Mullery said he did not intend to increase the city's costs and would have added language to address the city's concerns. He ended up pulling the amendment, however.
The Council's Intergovernmental Relations Committee later grilled Miller about his role in pushing Mullery's amendment.
Councilmember Barret Lane (13th Ward) said he did not have enough information to know whether the city attorney's opinion would add administrative costs to neighborhood groups.
"For a group [NRP] that has been verbally and actively committed to process and openness and discussion … to have [the amendment] happen in this way, whatever the merits of these proposals might be, really raised a deep level of concern with me."
Try to untangle the chain of events leading to the legislative meltdown, and the story gets murky and the fingers start pointing.
Mullery said he was not trying to pass the law without letting the city know. He said Miller informed city staff weeks in advance.
City leaders said Miller told staff Mullery was thinking about a bill, but they did not get the specifics until a few days before the policy board meeting -- and received no indication Mullery would add it to the tax omnibus bill.
Ostrow said for such a significant proposal, NRP staff should have notified city leaders personally.
Mullery said city leaders got advance notice in their NRP Policy Board packets. "They never called me," he said.
Miller said more notice wouldn't have made a difference. "No matter what, they [city leaders] would have fought it," he said.
Hennepin County Commissioner Peter McLaughlin, an NRP Policy Board member, faulted the city for going into "overdrive" to fight the Mullery amendment. He is concerned about neighborhoods paying higher administrative costs to the city, and Mullery was trying to fix it, he said.
"People got themselves into their forts and battle stations and decided to stay there rather than work it out," he said.
Cam Gordon, an NRP Policy Board neighborhood representative, said he would have preferred more information on the problems.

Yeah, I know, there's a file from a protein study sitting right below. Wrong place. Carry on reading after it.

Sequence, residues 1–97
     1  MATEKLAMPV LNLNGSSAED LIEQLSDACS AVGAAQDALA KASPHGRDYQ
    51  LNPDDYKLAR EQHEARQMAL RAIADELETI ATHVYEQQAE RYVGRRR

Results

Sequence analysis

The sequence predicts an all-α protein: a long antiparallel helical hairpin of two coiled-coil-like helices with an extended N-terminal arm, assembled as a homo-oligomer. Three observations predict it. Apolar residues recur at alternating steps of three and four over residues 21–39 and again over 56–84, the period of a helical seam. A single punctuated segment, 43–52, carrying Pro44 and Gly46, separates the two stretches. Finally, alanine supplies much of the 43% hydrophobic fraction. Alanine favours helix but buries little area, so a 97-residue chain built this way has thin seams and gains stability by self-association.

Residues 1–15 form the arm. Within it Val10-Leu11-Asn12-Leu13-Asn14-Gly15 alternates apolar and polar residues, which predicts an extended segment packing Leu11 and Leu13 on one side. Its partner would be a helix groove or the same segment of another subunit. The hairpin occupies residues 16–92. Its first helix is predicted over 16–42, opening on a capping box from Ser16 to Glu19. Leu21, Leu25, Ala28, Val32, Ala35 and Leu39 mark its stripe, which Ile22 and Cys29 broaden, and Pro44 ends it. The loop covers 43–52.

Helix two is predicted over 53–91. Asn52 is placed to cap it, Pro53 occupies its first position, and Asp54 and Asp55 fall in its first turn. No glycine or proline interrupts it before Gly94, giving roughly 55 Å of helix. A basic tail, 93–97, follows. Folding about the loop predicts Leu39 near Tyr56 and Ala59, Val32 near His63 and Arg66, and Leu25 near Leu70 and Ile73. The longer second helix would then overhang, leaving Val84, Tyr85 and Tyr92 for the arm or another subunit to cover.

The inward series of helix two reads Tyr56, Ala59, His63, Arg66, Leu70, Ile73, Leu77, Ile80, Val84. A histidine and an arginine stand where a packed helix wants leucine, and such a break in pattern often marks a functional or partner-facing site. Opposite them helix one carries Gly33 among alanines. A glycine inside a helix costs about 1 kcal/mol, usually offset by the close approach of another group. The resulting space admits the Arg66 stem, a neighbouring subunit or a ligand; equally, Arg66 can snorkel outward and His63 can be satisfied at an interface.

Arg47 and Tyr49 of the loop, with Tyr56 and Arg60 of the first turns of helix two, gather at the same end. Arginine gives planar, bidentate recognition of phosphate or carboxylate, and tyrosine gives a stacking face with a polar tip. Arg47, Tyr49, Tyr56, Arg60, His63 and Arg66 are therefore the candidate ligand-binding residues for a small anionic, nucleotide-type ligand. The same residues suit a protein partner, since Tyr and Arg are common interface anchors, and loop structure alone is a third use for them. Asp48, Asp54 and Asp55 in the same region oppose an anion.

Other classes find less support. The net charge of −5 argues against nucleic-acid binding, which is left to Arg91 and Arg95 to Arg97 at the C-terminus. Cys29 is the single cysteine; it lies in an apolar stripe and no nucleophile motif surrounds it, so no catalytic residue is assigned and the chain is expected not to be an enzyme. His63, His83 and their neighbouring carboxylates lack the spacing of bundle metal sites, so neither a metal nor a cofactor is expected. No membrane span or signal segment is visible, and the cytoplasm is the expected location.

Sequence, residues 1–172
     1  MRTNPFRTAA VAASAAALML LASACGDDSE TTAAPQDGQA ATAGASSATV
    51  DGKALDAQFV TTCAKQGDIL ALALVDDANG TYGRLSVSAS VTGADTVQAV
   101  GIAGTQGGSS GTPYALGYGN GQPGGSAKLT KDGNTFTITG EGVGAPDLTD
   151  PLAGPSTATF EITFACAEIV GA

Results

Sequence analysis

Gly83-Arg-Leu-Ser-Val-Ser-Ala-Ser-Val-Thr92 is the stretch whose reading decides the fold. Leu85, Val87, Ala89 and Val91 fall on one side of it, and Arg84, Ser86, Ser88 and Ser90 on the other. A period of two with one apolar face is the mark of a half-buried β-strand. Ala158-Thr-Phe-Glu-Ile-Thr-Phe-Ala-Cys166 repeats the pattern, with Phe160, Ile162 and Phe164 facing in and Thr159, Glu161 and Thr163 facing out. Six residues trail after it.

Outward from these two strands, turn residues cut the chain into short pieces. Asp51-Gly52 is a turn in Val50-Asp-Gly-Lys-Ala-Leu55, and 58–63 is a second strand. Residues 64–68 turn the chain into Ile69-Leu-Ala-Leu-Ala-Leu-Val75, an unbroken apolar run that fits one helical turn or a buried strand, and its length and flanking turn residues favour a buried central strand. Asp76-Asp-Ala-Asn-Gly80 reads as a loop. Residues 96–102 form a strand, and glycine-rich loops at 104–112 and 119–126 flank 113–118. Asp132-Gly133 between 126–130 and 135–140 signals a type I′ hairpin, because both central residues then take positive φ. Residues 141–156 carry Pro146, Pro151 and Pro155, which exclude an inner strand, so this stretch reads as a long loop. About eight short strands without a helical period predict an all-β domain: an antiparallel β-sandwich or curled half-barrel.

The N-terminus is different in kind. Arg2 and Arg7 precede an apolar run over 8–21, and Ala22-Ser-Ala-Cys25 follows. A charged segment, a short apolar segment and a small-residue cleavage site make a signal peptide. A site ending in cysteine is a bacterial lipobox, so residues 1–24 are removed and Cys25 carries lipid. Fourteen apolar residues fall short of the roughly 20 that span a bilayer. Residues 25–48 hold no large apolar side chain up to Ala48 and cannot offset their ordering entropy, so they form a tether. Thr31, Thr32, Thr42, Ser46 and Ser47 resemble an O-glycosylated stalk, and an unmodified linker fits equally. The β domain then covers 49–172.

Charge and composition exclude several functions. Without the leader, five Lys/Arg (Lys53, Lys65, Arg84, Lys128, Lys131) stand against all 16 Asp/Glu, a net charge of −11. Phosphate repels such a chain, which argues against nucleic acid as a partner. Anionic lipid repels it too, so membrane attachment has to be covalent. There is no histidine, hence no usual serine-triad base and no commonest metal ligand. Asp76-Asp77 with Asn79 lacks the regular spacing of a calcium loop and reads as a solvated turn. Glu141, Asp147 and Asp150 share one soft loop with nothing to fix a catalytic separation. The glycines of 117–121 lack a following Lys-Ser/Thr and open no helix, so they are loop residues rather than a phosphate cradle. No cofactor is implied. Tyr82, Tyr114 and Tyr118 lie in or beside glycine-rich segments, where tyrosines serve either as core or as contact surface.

Gordon joined the board two years ago and is surprised by the deep divisions that exist. "What I would like to see is less of a wrestling match and more of a dance," he said.
List of grievances
NRP began in the early 1990s, designed to funnel $20 million a year for 20 years into city neighborhoods. Recent state law changes have cut property taxes that support NRP, reducing projected Phase II funding from $180 million to $86 million, or by more than 50 percent.
Even in flusher times, however, city and some NRP officials have been at odds.
Ask people the tension's root cause and they give a variety of answers.
Byron Laher, an NRP board member for 10 years, calls it a healthy tension, to be expected when directing such large sums of money. "Democracy is not neat," he said.
Linden Hills resident Debbie Evans, a neighborhood NRP Policy Board representative, said the tension comes from the feeling some city leaders aren't committed to NRP's ideal of neighborhood control.
In the last three years, NRP "set-asides" -- which reduce neighborhood-level control -- have created several flash points between city priorities and neighborhood-driven programs.
City leaders pushed through a $16 million NRP affordable housing set-aside, a $4 million commercial corridor set-aside and a $200,000 a year set-aside for the Youth Coordinating Board (YCB).
(Budget cuts have since reduced the set-asides. The Affordable Housing program is now at $9.7 million, and the commercial corridor fund and YCB fund have been eliminated.)
The city and NRP leadership have sometimes switched sides over set-asides. This year, for example, the NRP Policy Board approved an American Indian set-aside that the city's Ostrow said needed more neighborhood input.
City Finance staff said that totaling the NRP funding cuts, new set-asides and other costs, neighborhood groups would receive less than one-third of what was originally budgeted for NRP Phase II.
Ostrow said past NRP Policy Boards had faced tough issues; and had good debates as two legitimate views clashed to find "a delicate balance."
NRP appropriately pushed the city to rethink city services and respond better to neighborhood interests, he said. The city pushed neighborhoods and NRP to address key city goals, such as affordable housing.
The Mullery proposal was fundamentally different from past disagreements because city leaders were cut out of the loop, Ostrow said.
Working it out
Miller will have his chance to make a case for a more efficient NRP when he presents his five-year business plan to the Council later this summer.
City and NRP staffs also have worked on a lengthy agreement to define the role each plays.
Page one, point one, under the heading "Purpose" reads: "Continue to improve the working relationship between the City and NRP."